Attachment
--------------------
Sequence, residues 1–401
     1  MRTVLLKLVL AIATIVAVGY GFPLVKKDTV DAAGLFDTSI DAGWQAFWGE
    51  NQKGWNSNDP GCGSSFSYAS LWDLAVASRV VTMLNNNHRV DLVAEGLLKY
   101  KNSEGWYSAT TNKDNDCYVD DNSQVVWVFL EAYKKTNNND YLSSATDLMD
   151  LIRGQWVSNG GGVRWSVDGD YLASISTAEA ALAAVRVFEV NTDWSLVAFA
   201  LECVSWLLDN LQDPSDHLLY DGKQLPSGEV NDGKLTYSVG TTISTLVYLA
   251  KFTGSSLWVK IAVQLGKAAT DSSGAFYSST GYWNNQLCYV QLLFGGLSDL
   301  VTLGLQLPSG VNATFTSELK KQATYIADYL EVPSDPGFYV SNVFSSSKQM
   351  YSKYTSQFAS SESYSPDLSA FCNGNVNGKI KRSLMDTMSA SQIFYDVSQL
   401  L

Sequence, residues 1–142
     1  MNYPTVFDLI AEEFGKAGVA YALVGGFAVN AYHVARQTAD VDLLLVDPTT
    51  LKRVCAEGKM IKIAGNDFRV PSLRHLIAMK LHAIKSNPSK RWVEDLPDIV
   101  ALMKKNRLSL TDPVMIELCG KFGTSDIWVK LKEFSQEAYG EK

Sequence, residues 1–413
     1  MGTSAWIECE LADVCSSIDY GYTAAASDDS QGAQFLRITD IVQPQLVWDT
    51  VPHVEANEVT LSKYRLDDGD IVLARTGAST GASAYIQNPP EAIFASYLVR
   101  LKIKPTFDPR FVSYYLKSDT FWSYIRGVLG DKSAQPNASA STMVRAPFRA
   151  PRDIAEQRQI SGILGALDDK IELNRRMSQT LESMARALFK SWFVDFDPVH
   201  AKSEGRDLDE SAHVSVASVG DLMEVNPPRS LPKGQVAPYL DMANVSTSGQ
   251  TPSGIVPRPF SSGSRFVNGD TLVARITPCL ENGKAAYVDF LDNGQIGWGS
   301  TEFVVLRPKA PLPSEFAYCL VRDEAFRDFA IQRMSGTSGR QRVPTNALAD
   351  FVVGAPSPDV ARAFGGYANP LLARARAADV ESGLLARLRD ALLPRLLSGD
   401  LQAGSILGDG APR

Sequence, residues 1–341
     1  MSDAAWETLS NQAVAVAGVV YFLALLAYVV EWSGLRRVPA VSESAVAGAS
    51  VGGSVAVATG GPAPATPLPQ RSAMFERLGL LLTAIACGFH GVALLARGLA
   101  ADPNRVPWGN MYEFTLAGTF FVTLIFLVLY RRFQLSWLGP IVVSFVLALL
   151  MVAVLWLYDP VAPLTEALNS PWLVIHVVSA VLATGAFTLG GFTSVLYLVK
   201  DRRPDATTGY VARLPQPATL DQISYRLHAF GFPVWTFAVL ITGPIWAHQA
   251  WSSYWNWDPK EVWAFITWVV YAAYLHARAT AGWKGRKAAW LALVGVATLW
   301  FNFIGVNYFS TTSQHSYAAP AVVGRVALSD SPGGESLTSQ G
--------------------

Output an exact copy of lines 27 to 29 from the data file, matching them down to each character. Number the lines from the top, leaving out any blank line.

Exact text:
    51  VGGSVAVATG GPAPATPLPQ RSAMFERLGL LLTAIACGFH GVALLARGLA
   101  ADPNRVPWGN MYEFTLAGTF FVTLIFLVLY RRFQLSWLGP IVVSFVLALL
   151  MVAVLWLYDP VAPLTEALNS PWLVIHVVSA VLATGAFTLG GFTSVLYLVK